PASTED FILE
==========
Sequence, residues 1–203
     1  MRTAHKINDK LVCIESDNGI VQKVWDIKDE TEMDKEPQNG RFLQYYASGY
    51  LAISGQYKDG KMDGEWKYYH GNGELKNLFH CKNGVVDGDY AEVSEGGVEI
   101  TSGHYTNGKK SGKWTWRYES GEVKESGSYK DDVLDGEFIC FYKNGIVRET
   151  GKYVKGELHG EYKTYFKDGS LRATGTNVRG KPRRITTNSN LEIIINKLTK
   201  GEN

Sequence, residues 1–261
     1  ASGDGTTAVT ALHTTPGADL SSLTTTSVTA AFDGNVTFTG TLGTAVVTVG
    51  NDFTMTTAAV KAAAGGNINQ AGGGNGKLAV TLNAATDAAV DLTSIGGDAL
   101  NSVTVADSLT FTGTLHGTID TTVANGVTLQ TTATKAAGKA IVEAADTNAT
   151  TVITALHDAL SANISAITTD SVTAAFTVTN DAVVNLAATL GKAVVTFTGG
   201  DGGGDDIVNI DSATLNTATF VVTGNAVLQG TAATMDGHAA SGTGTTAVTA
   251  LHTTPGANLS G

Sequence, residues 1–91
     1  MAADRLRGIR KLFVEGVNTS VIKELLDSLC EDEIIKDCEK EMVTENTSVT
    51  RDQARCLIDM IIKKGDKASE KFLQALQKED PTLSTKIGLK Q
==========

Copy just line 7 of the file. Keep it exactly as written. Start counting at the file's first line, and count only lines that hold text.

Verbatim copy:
Sequence, residues 1–261